1--There's a hole in the bucket, Paul Krugman, New York Times
Excerpt: The torments of the euro would be funny if they weren’t so tragic. At this point the urgent need is for a big Panzerfaust — a bailout fund big enough to head off a self-fulfilling liquidity crisis for Italy. But such a fund would be backed by the credit of the euro area’s remaining AAA governments, basically Germany and France — yet at this point the euro situation has deteriorated sufficiently that taking on another commitment would undermine French credit. There’s a hole in the bucket, and every attempt to fix that hole ends up being stymied because, well, there’s a hole in the bucket.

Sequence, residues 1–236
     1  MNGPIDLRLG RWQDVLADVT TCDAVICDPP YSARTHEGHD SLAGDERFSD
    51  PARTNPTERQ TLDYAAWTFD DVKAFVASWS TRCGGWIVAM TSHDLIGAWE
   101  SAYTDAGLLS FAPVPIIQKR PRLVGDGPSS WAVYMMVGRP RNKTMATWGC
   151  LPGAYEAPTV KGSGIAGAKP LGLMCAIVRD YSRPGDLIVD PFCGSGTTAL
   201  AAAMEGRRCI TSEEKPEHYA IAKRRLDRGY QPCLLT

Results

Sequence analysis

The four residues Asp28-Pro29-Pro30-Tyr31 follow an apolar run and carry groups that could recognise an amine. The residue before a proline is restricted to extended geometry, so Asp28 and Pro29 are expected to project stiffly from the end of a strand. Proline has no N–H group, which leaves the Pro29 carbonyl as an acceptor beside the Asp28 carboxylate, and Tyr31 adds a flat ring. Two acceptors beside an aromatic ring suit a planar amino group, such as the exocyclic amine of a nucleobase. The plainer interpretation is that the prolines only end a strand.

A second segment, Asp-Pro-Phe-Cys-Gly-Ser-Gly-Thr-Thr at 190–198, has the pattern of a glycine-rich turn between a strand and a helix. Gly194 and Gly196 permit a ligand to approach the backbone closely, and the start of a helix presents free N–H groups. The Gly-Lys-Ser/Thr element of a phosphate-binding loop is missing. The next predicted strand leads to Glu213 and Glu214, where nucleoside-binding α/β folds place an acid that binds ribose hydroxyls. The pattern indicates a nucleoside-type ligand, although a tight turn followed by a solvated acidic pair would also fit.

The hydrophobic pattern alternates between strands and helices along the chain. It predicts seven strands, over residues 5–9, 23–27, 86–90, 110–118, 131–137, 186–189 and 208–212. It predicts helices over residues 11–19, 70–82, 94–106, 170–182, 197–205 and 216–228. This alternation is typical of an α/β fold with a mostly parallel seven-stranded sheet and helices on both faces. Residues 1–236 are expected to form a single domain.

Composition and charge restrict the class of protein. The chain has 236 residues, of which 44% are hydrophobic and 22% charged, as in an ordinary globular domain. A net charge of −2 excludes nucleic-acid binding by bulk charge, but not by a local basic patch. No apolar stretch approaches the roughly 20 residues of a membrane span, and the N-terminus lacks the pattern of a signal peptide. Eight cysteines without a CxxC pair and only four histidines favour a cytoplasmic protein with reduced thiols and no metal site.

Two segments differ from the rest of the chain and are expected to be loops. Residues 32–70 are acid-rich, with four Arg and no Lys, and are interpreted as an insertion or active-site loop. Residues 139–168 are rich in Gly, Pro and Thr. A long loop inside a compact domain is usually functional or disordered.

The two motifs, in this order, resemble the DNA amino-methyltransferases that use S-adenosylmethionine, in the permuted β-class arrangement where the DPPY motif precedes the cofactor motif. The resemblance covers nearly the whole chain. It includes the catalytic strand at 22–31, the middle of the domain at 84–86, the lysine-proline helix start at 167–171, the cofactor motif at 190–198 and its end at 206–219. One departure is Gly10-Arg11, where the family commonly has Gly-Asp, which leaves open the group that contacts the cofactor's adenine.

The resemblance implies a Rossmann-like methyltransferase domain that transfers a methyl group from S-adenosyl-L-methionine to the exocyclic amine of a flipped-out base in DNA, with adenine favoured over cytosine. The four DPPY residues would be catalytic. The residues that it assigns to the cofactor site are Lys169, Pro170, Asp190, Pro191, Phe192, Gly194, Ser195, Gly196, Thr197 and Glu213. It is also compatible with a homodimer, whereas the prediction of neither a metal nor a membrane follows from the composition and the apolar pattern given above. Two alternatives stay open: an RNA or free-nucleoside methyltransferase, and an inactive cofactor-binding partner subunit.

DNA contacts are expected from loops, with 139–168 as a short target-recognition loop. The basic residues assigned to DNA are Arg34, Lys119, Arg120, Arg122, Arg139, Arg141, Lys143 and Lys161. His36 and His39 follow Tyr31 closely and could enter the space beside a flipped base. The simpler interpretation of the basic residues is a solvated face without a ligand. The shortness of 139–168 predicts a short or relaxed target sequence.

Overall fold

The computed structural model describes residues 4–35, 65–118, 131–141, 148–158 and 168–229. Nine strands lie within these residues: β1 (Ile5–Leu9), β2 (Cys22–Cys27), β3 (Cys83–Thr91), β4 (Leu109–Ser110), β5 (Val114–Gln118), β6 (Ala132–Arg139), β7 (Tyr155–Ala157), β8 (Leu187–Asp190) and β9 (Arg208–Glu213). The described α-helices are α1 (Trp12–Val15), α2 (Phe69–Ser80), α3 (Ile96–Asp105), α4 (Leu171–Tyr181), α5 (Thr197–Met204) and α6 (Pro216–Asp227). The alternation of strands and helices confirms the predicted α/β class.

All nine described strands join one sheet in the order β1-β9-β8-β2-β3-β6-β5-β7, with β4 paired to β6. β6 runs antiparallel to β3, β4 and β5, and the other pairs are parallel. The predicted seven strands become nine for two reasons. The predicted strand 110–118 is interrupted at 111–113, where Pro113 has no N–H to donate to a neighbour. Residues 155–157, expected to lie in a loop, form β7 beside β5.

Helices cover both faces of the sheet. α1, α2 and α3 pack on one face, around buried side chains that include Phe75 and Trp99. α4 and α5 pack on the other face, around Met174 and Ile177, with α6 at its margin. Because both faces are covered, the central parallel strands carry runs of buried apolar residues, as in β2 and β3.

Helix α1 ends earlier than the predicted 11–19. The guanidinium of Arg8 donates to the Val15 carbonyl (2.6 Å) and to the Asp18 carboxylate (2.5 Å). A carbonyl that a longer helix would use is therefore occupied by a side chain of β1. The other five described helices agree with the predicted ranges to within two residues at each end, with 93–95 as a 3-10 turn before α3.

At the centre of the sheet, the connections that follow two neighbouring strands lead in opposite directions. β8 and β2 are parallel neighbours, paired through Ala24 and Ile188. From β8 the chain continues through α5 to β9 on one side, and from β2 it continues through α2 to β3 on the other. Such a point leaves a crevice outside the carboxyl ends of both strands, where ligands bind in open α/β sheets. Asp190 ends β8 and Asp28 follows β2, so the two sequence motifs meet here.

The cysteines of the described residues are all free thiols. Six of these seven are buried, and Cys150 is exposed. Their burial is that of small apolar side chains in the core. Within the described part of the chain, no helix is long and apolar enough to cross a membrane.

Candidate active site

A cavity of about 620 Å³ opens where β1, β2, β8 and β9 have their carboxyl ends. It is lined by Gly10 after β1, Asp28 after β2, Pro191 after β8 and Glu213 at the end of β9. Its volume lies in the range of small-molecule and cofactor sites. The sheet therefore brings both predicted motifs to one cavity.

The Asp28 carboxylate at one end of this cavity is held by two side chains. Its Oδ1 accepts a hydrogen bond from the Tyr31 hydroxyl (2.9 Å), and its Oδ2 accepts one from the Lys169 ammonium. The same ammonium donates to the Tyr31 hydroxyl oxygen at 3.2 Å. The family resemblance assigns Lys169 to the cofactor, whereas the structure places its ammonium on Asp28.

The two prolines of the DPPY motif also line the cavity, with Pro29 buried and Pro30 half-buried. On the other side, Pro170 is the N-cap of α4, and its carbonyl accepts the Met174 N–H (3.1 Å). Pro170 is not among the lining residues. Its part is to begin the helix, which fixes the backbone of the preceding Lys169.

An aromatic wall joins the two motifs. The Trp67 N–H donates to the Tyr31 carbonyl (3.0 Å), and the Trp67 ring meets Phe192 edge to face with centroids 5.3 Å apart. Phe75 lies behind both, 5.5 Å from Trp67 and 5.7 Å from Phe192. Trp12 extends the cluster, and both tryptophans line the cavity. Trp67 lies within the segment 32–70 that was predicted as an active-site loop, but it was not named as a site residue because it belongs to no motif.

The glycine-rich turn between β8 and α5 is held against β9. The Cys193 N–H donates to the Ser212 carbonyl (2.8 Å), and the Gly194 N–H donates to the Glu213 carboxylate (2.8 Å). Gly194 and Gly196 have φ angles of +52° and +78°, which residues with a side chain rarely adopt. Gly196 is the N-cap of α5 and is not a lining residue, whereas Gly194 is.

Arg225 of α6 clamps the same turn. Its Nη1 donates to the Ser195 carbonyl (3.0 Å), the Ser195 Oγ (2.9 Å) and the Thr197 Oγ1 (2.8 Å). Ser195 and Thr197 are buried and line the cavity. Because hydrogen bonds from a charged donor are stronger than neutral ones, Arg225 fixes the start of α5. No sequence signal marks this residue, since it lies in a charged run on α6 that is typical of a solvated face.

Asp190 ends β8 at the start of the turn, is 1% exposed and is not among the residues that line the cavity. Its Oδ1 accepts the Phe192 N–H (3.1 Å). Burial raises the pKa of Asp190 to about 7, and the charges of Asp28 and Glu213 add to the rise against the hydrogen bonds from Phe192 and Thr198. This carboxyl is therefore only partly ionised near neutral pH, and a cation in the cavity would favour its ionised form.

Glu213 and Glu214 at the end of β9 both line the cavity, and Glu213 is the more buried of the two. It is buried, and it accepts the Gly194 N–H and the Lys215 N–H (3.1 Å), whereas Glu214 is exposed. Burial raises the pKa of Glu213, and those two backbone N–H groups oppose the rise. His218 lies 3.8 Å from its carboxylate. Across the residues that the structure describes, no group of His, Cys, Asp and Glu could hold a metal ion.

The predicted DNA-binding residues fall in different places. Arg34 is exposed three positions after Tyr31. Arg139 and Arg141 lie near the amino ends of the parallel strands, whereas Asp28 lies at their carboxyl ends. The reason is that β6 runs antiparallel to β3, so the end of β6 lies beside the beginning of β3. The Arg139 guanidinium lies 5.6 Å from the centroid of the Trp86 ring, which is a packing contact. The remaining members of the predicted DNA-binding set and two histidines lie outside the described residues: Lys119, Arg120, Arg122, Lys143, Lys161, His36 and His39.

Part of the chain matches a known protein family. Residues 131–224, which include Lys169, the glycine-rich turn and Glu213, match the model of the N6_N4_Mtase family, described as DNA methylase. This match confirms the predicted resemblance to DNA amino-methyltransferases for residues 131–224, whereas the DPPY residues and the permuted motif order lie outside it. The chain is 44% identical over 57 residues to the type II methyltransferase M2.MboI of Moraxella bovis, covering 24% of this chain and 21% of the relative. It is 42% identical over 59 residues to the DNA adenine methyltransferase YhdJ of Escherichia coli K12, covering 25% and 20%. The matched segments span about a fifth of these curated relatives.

The answer to the whole conundrum is to back the rescue, not with French guarantees, but with the power of the printing press — to put the ECB behind the effort. But the ECB won’t and maybe can’t (under current rules) do that.
And meanwhile, austerity programs are leading to severe slumps in Greece and elsewhere. Who could have imagined that?
What a tragedy. A rich, productive continent, which has produced arguably the most decent societies in human history, is tearing itself apart because its elite insisted on embarking on a dubious monetary project, and now can’t bring itself to take the steps necessary to give that project a chance of working.
2--Number of the Week: GDP 6.7% Below Potential, WSJ
Excerpt: 6.7%: The gap between U.S. GDP and its potential.
It looks as if, despite everything, gross domestic product picked up in the third quarter, easing fears that the U.S. was on the cusp of another recession. But that doesn’t mean the economy is anywhere near where it needs to be.